I am not Turkish. I have never considered myself Turkish. I have never called myself Turkish. That is nothing to do with the fact I do not speak Turkish nor do I deny I am Turkish because I think there is anything wrong with being Turkish, I only do so because I just do not happen to be Turkish. I am however Cypriot. I happen to a Cypriot that is part of the cultural Turkish 'ingredient' that goes in to making that wonderous and unique thing that is 'Cypriot' but I am Cypriot. No one, no state, no authority can tell me I am not Cypriot.

I do not like the term 'half British' - I do not consider myself 'half' British. I am wholly British and the wonder is as well as as that I am also more than just wholly British as well. I am British plus not minus British. That only one of my parents was themselves British and that I have spent only half my life in Britain do not in any way stop me being anything other than wholly British.

Sotos wrote:So if we were all like you there would be no Greek and Turkish people in Cyprus and therefore no conflict between Greek and Turkish people in Cyprus! But in reality there are Greek and Turkish people in Cyprus, and it is not so simple as to say "be the change you want to see" for matters of personal identity. To use an extreme example, it is like advising a gay person to "be straight" as a solution to the discrimination he faces. If he could be straight all his problems would indeed be solved, but this is a bullshit advice because a gay person can't just choose to be straight.


What are you Sotos ? A Greek who lives in Cyprus. Or a Cypriot that considers themselves to be part of the culturally Greek ingredient that is the biggest single ingredient that goes in to making this wonderous thing that is called Cypriot ? The choice literally is yours. You can chose which you consider you are, in exactly the way that you can not chose your sexuality. And the most amazing thing is that should you choose to consider yourself the latter it does not require you to change the Greekness in you one iota. You can chose the latter and not 'lose' anything compared with the choosing the former. It is all gain and no loss. You can be wholly Greek - plus a bit more besides. That is in fact a pretty neat description of what my kind of 'Cypriotness' means. To be Cypriot means to be Greek plus, to be Turkish plus. If you do not believe that you can make such a choice, then test that theory. As an experiment why not try it for a day. Try choosing to consider yourself not just Greek who lives in Cyprus, but Greek plus.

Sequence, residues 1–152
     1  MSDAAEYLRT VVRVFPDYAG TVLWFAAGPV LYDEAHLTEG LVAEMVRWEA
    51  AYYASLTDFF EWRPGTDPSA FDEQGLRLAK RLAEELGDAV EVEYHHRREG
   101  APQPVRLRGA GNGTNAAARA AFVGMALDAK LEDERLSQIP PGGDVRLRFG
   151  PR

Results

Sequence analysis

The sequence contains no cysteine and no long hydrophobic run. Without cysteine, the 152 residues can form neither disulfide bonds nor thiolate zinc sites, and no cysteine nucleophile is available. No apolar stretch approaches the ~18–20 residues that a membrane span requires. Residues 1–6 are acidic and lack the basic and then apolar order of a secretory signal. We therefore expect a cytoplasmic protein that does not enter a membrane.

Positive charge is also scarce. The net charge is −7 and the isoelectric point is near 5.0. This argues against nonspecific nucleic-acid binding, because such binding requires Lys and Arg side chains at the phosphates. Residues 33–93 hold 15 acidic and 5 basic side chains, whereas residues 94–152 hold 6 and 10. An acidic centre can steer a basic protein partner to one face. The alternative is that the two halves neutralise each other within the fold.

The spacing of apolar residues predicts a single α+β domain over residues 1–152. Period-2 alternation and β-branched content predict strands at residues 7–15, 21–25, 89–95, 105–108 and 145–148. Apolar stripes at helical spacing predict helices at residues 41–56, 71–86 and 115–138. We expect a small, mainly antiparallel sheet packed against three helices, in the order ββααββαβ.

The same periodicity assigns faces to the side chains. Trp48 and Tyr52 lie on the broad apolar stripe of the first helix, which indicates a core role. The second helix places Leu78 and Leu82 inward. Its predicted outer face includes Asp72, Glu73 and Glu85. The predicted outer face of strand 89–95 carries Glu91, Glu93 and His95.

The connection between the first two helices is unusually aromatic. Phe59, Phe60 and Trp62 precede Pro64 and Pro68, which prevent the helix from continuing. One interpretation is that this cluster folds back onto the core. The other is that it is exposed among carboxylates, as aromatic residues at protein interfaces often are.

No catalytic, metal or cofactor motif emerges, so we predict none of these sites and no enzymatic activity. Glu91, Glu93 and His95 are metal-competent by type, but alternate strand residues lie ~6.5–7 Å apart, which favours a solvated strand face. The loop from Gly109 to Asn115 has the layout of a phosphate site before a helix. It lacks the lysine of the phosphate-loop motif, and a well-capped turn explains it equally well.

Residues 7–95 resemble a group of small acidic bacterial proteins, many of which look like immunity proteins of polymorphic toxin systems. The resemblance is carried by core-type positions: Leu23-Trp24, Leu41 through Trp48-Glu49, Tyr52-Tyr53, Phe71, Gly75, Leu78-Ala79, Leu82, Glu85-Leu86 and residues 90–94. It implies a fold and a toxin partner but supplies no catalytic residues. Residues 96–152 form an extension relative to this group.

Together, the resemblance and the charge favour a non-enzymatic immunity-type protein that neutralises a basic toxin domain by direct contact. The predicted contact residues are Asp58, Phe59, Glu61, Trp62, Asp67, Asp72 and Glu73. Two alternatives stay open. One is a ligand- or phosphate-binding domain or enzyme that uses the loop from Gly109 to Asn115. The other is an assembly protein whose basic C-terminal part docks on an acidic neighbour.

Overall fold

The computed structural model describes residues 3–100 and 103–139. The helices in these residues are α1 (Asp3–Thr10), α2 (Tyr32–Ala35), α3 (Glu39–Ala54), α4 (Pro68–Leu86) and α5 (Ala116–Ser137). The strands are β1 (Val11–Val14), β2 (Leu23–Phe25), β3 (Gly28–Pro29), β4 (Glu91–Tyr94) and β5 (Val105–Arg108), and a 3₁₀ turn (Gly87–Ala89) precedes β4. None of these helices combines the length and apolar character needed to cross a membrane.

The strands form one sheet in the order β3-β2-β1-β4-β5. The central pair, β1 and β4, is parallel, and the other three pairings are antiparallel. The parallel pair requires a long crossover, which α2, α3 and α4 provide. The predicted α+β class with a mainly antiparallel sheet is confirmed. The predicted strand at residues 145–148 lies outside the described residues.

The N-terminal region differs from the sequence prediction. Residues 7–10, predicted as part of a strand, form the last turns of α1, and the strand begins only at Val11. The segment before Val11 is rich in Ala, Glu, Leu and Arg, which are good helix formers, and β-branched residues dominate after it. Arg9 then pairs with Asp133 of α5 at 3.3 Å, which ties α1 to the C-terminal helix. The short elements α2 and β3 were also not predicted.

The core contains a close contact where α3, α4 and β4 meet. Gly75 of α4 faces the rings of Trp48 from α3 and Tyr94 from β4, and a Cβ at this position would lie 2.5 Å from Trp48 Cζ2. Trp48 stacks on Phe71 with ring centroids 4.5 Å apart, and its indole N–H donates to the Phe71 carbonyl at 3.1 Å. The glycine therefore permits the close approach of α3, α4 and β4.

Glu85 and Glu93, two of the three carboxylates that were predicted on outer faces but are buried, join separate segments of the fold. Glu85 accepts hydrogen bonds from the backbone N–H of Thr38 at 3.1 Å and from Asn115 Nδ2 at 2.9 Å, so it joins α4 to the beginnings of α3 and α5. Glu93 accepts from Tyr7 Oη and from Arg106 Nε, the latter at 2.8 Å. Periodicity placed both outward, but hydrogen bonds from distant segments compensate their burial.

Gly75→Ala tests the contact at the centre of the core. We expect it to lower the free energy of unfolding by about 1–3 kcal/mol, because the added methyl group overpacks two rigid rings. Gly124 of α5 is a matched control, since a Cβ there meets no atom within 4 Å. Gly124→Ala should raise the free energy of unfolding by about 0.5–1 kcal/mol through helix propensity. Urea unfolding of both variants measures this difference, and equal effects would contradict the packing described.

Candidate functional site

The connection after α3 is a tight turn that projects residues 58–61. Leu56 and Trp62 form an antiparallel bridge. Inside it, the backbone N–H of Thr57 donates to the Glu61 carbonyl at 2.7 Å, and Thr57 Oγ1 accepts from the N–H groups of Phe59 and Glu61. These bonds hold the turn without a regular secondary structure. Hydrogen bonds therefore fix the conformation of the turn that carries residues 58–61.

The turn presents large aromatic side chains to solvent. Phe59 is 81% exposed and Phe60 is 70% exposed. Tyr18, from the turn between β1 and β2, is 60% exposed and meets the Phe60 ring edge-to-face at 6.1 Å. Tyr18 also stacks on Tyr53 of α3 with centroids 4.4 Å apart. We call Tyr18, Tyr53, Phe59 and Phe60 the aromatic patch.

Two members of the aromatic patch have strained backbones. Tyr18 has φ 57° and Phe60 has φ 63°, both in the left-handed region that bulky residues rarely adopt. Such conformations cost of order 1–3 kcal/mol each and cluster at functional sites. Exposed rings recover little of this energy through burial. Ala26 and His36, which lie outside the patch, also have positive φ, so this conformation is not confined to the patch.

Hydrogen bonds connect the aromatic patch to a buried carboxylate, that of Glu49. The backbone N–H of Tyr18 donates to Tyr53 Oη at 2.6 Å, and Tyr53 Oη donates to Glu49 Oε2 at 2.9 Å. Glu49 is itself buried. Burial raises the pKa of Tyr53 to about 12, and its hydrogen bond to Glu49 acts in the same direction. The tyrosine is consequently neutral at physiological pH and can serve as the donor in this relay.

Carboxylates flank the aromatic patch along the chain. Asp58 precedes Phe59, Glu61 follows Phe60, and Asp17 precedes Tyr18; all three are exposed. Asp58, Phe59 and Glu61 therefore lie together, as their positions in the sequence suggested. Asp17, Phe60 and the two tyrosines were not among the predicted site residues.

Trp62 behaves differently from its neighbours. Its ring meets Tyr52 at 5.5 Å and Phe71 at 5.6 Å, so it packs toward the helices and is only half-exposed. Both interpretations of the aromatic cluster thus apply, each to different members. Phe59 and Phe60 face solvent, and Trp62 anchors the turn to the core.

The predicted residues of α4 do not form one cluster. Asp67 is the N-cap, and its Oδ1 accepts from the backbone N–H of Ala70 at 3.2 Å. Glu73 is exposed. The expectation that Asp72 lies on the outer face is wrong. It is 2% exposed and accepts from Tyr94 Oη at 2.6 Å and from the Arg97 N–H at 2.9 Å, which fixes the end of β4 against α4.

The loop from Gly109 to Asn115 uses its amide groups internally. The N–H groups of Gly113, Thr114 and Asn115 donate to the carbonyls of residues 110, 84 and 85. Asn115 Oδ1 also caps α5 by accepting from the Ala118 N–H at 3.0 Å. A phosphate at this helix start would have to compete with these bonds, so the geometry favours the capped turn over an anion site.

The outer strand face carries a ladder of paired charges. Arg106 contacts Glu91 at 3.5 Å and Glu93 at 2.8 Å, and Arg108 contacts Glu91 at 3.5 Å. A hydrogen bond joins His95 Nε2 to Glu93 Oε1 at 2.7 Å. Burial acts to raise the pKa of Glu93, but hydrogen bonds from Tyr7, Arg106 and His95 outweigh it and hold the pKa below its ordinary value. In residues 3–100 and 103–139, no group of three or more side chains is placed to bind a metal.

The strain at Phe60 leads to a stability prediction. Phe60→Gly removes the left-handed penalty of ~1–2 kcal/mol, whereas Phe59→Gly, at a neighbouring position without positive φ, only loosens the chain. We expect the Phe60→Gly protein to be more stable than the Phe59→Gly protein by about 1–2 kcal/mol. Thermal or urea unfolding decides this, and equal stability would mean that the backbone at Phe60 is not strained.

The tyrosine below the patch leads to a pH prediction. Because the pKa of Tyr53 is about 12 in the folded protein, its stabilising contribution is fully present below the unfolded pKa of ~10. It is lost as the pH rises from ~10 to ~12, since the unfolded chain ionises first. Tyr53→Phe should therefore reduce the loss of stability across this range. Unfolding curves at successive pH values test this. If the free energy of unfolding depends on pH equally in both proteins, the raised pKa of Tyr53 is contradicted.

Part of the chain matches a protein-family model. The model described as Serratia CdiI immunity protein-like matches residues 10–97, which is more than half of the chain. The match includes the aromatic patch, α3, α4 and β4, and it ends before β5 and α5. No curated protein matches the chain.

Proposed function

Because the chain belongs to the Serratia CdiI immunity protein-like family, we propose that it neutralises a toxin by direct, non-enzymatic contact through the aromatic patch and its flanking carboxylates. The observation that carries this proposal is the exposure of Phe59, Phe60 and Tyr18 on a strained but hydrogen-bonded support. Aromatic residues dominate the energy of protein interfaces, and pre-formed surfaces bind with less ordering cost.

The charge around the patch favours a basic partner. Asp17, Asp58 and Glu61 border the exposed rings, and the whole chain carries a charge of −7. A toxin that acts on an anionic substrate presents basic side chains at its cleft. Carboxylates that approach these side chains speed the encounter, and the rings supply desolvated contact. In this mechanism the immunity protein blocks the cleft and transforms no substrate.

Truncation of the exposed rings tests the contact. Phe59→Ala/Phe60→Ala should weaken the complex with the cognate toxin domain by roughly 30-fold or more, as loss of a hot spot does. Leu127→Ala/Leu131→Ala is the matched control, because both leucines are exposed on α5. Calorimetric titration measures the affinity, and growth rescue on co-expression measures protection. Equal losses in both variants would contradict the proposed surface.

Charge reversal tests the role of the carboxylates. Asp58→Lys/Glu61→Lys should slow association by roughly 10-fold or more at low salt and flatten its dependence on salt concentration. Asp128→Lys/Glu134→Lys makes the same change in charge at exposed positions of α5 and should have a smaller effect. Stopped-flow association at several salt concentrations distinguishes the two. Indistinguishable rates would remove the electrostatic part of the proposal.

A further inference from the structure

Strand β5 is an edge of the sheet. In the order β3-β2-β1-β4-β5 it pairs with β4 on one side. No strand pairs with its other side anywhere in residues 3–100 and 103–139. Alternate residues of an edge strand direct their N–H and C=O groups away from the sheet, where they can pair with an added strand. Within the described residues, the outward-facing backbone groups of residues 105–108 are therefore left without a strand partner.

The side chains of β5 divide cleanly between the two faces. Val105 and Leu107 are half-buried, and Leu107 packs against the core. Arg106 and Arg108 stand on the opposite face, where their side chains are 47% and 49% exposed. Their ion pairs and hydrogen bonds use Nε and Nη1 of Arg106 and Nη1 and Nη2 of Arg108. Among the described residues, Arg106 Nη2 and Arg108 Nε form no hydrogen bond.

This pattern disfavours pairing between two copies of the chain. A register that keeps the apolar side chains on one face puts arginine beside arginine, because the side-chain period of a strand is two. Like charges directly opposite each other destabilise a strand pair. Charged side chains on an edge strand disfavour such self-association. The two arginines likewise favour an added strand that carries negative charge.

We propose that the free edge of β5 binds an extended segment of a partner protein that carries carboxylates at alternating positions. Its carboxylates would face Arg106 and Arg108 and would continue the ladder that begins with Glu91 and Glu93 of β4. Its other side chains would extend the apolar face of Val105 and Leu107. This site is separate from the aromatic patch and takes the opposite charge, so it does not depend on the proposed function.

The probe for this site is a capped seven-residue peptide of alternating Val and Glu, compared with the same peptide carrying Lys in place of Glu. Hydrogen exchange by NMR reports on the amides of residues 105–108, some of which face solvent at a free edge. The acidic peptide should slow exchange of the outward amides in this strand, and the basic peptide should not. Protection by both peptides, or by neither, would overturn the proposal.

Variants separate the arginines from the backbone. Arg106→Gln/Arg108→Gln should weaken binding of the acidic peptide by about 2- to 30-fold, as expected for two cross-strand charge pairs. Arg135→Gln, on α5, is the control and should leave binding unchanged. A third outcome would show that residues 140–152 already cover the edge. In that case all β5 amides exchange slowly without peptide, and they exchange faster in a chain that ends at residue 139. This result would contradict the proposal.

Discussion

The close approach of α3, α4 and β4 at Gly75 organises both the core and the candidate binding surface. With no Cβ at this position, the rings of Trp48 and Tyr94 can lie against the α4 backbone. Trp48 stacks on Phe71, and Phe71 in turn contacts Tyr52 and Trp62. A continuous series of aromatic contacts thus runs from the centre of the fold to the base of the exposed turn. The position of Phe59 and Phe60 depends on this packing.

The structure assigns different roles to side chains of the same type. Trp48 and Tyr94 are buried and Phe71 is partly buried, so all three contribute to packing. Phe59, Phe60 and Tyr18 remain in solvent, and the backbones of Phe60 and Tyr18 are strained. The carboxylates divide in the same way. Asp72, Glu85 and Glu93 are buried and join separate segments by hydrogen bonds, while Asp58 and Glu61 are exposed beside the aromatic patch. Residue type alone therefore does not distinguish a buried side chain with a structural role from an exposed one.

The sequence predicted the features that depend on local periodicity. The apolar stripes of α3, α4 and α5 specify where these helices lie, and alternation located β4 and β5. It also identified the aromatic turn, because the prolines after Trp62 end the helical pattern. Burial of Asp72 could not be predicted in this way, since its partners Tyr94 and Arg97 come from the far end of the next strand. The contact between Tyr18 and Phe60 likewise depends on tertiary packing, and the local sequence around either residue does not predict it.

At the end of the day if a majority of Cypriots want to choose to be a Greeks that live in Cyprus and Turks that live in Cyprus and that want to deny that wonderous mix of the two (and other ingredients) and reject the 'plus' then let's stop fucking around and start negotiating the terms for an agreed partition. I reject such myself.

Sotos wrote:What we can do is make that personal identity irrelevant. So you can be Greek or Turkish or Christian or Muslim if those are parts of your identity, but those things not to matter in any way when it comes to the state.


By definition (at least the one I referred to) what a nation is ,

is a group of people who share common cultural characteristics, typically including language, heritage, religion and world views. This is a cultural distinction and not a political one. For example, "Raider Nation" is a group of people who share a high level of support for the American football team, the Oakland Raiders.


A single unitary state made up of multiple and exclusive nations could in theory exist but if such does exist you will have to name them for me. There has to be a commonality across all those within a single nation for it to be a nation and just all living and wanting to live on a give bit of rock is not enough to count as that, this is even more so in the case of Cyprus where we do not share language (though in reality we do, in the sense that you will know and use terms and expressions that vast numbers of Greek would not understand but that every Cypriot would) or a religion. So what is there that can represent this commonality other than the choice to believe that what you get if you take 80% Greek and 18% Turk and 2% other and mix them all up and bake them over generations in the place that is Cyprus to create something that is synergistic, more than just Greek, more than just Turkish, more than just the sum of it's component parts - the thing that I define as 'Cypriot' ?

Sotos wrote: And the obstacle for this happening are interests.


So mechanical Sotos. So Newtonian. So, the universe is just a great big clockwork mechanism. The world, the universe is more than this - as quantum mechanics continue to show with every increase in our understanding. People individually and in groups do, often, chose to want things that are clear not in their own best interest (just look at Brexit).

But aside from that, should you (and enough other Cypriots) choose to want to consider themselves Cypriot (Greek plus, Turkish plus) then their interests would be for a unitary Cypriot nation, state and nation-state. That is the point.
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Re: Varosha to reopen?

Postby Sotos » Wed Jul 03, 2019 1:24 am

Examples ? Examples of a stable country without inter-communal strife where there are significant ethnic groups, that consider they have more in common with people that are not of that country than they do with those of that country that do not share their ethnic group.


It depends on what you mean by "significant ethnic groups". If we are talking about % then the most significant is maybe Russians in Latvia (over 25%). I am not saying that this is never a problem, I am saying that it is not necessarily always problem nor it precludes the existence of a unitary state.